The process used is not limited to aviation. It has been used for medical implants, for example, for some time. But it is in aerospace that the financial benefits of weight reduction are greatest. This is shown by a simple "rule of thumb," which states that in aviation, 1 kilogram of weight saved can save 1,000 euros in fuel costs. Over the lifetime of an aircraft, this corresponds to around 25 metric tons of CO2. In other words, much more than in the automotive industry, where calculations are completely different due to higher unit numbers: Here, savings of 100 kilograms are needed to achieve the same cost effect. Since energy costs have risen across the board, weight reductions are likely to have an even greater financial impact. Herzog explains: "This is also the reason why such projects are often initially tested for the aerospace industry. 3D printing has already become established for individual, smaller engine components such as injection nozzles. But perhaps in the future, large-scale printed components will also be installed in aircraft as standard."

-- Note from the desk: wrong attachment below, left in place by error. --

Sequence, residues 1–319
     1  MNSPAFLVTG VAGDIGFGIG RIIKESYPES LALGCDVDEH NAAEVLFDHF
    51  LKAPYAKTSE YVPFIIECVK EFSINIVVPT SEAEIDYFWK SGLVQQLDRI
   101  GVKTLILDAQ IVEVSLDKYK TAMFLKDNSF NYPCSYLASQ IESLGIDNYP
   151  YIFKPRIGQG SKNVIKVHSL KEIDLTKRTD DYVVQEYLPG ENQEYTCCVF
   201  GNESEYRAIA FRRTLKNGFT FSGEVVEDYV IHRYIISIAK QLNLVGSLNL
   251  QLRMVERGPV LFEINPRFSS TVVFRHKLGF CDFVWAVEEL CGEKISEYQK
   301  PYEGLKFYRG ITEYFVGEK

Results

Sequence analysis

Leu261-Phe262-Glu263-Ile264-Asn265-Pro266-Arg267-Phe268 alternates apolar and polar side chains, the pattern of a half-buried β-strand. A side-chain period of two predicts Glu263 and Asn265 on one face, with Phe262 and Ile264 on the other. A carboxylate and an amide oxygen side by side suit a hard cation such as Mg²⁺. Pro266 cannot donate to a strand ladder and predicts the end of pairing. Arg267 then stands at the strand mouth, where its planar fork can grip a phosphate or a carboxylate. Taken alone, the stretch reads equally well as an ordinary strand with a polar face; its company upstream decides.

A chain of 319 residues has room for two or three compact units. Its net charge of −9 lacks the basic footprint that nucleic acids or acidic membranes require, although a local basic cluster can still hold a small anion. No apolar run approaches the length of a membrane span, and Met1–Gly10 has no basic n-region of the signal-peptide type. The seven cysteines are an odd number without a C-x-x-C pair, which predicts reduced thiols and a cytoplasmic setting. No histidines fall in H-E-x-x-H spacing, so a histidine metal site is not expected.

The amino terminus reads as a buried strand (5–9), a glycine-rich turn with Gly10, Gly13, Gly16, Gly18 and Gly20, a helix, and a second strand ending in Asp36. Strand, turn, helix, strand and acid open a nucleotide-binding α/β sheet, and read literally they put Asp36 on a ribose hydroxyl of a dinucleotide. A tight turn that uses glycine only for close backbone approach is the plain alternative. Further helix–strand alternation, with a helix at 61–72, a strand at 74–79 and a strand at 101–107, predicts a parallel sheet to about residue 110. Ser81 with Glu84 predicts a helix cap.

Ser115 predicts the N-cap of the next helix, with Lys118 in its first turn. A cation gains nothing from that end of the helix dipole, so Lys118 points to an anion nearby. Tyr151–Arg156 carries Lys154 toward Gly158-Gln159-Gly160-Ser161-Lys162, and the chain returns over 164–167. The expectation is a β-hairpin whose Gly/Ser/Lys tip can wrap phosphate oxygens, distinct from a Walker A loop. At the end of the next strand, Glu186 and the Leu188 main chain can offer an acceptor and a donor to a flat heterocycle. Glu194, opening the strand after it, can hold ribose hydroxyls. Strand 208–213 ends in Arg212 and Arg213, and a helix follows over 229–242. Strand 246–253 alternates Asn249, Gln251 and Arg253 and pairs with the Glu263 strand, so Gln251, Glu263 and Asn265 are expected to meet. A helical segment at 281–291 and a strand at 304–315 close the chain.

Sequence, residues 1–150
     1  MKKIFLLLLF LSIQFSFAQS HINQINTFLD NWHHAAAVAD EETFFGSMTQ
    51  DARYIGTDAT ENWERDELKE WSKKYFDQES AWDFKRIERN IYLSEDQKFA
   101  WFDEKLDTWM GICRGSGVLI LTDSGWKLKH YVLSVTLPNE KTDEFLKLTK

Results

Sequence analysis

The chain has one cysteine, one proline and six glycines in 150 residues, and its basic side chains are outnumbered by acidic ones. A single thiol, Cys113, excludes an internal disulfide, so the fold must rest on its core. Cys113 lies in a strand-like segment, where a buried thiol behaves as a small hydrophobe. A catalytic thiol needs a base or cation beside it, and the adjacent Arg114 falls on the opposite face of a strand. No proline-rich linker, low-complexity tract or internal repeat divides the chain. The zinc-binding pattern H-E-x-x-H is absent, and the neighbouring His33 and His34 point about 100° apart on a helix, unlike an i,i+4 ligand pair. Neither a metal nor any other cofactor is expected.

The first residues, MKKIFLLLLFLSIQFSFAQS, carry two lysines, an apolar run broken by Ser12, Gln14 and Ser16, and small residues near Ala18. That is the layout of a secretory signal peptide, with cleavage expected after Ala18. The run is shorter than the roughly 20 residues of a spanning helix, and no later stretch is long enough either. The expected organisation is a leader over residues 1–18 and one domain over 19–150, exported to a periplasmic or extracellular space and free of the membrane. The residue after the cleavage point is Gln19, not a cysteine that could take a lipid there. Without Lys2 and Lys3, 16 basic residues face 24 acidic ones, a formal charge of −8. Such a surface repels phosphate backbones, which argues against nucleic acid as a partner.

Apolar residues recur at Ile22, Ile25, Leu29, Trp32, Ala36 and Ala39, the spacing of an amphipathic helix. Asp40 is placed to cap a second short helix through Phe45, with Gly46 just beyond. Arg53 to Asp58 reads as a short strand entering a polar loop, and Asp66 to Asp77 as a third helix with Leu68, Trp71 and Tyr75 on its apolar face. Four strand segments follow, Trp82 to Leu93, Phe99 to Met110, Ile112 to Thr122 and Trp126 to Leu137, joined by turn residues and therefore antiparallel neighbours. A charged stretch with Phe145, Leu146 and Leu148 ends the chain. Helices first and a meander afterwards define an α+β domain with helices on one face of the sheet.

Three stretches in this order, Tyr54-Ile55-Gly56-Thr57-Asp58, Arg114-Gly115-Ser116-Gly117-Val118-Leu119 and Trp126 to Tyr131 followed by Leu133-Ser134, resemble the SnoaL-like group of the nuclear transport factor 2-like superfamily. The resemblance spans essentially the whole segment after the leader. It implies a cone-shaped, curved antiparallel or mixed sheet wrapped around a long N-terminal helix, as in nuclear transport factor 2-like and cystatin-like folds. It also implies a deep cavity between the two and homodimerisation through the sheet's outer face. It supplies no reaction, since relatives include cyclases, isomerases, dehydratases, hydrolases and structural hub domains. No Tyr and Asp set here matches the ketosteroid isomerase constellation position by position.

The MOnACO project consists of a consortium of Hamburg University of Technology (TU Hamburg), Technische Universität Dresden (TUD) and technology company Autodesk. It is supporting General Electric AAT Munich in the development and manufacture of a large additively manufactured metal component - the Advanced Additive Integrated Turbine Centre Frame (TCF).

[Translate to Alternative:] Turbine

Buildings become adaptive


Researcher              Prof. Kay Smarsly

Duration                  2021 – 2024

Institute                   Digital and Autonomous Construction

School of Studies     Civil Engineering (B)

Smart buildings can already measure and analyze their condition with sensors. In the future, they will learn to behave sustainably and future-proof with the help of this data and the Internet of Things.